by Dr. Chris Ballard, Australian National University
An extract from The Death of a Great Land: Ritual, History and Subsistence Revolution in the Southern Highlands of Papua New Guinea; Australian National University, Cranberra, 1995). pp. 48 – 52.
The notion of “sacred geography” has been developed within Mayan ethnography to address the means by which Mayan cosmology is formally encoded in the landscape (Gossen 1974, Vogt 1981; see Goldman 1983:112). Mayan ritual sites, on this view, are the geographical points of access between distinct human and sacred universes; the co-ordination of ritual over larger areas links these individual sites to form a regional sacred geography. 1
Ethnographers of the Huli have adopted the concept of a sacred geography to describe the vast corpus of beliefs known to Huli as dindi pongone. 2 While there is no suggestion that Huli subscribe to a distinction between sacred and profane geographies, the notion of a sacred geography is retained here as a useful heuristic device for drawing attention to the layers of meaning implicit in the Huli landscape that are not immediately accessible to non-Hull observers. Dindi pongone, literally the root or knot of the earth, refers equally to the presence of a sacred and largely subterranean landscape and to the body of related myths and gamu spells that constitute knowledge of this landscape. The broad outlines and distribution of this sacred geography are sketched here; a more detailed account of the dindi gamu rituals associated with the dindi pongone sites is given in B5.5. The minimal components of Huli sacred geography are clan-specific myths (dindi malts) and associated gebeanda (gebe: ancestor, anda: house, place) ritual sites, which together describe the events of a clan’s origins and situate them in the landscape.
These clan myths identify ancestral gebe spirits (also referred to by the generic term, dama), who are individually associated with gebeanda usually located within the territory of that clan. 3 These ancestral dama, who are deemed to have first emerged on or migrated to the clan territory and are typically credited with having initially described its boundaries and named its salient features, were formerly the objects of propitiatory rituals, held at the appropriate gebeanda and designed to ensure their support for the fertility of clan land and the general health of the clan. Each of these gebeanda sites was owned by a particular sub-clan or family within the clan, known as gebeali, who assumed the responsibility for ritual performances. Gebeanda sites were formerly identified by the presence of thick stands of bai (Castanopsis acuminatissima) and guraya (Araucaria Qunninghamma) trees. The margins of these groves, often delineated by ditches or streams, served to mark out the extent of gebeanda areas with their strictly observed borders that separated space identified as hane, or “without”, from habane, or “within”, the gebeanda. The acts of entering and exiting gebeanda habane, permitted solely to members of the gebeali family at each site, were synonymous with ritual performance. 4 Ideally, every Huli clan was uniquely linked with a different clan gebeanda, and most sub-clans with their own distinct minor gebeanda. 5 At a regional level, there is a distinct set of myths which correspond to a more fundamental stratum of dama spirits who are jointly responsible for the constitution of the Hull universe. The most widely known of these myths are essentially amalgams of elements of origin myths owned by specific clans, which refer to specific locations.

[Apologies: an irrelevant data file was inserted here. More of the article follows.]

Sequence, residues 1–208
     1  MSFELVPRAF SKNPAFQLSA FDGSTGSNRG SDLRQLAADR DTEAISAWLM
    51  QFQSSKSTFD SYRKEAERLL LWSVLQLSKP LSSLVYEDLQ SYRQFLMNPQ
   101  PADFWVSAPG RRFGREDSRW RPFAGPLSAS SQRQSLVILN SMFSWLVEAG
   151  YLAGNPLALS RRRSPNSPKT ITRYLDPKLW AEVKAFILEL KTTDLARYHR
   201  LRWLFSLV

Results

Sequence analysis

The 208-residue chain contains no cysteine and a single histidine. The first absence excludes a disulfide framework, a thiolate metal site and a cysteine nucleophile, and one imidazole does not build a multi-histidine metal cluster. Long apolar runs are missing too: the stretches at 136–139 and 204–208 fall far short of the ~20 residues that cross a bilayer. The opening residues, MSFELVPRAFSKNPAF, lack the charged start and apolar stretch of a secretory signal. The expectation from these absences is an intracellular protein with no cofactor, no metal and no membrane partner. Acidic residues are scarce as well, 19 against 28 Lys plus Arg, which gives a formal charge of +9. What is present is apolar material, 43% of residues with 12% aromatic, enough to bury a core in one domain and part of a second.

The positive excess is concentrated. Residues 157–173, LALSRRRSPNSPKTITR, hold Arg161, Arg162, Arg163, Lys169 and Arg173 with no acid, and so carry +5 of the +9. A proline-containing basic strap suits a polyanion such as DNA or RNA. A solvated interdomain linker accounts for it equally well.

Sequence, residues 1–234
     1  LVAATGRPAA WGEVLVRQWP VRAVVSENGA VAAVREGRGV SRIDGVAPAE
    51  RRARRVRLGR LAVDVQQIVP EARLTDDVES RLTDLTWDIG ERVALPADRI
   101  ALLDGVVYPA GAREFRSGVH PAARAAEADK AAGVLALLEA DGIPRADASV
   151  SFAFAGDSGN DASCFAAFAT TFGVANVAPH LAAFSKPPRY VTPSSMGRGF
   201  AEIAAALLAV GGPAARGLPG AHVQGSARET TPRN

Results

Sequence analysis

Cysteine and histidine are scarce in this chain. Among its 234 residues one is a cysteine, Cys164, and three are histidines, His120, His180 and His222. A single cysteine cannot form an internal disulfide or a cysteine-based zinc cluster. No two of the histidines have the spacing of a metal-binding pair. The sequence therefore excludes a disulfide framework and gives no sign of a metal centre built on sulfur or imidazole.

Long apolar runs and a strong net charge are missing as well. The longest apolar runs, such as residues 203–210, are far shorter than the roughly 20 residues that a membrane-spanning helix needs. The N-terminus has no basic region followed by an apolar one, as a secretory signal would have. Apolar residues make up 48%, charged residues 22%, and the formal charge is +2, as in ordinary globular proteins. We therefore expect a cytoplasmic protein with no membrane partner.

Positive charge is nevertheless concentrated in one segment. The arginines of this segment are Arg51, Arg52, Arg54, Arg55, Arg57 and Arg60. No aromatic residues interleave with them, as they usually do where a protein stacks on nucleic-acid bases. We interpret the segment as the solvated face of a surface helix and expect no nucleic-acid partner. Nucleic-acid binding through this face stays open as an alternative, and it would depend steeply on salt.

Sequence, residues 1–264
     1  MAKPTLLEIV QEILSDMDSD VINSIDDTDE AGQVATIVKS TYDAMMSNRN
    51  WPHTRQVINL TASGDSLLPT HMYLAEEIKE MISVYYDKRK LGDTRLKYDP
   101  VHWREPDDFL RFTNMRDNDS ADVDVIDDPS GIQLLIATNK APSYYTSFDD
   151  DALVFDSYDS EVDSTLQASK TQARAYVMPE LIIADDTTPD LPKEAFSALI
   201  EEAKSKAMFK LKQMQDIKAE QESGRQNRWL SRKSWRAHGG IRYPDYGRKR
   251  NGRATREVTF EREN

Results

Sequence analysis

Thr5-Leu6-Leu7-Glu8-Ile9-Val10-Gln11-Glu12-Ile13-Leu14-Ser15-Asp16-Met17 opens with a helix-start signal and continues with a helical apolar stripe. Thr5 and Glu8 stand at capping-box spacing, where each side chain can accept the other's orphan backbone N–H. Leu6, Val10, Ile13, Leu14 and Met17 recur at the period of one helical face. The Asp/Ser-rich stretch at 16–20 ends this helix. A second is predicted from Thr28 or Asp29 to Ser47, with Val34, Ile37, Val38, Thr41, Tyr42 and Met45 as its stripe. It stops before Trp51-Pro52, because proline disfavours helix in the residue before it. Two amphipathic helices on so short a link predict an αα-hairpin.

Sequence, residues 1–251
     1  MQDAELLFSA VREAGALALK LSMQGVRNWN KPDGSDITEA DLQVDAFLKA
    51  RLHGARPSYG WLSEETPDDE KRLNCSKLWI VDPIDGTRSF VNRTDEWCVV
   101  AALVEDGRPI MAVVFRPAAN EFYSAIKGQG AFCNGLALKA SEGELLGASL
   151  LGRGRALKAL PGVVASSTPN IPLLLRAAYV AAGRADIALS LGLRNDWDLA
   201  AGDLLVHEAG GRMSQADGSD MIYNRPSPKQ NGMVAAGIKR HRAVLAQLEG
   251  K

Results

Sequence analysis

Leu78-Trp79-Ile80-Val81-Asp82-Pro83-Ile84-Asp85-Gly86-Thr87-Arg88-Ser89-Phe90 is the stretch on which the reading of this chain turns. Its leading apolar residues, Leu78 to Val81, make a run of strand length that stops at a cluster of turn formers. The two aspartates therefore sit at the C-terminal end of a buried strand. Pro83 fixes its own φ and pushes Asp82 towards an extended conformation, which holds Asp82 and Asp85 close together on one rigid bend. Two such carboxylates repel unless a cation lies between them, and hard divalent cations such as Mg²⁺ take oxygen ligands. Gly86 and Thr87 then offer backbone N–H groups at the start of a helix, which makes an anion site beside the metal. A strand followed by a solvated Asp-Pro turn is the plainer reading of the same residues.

Certain clan-specific myths, often by virtue of the significance of the individual clans or their sacred sites, have assumed a regional significance and become incorporated within a unified, almost linear, narrative form, though the identity of the mythical locations is usually preserved. Together, these myths recount the process of the stabilization, creation and division of the original, unstable landscape by ancestral figures. These regional cosmogonic myths (myths of universal origins) set out the cardinal features of Huli sacred geography and prescribe the attendant obligations of ritual. Their basic elements are widely known throughout Huli territory, in the form of narratives and pureromo or pureremo (Goldman 1983: Table 2), short formulaic chants that encapsulate knowledge (mana), often through the recitation of key sets of names (of people, places or objects).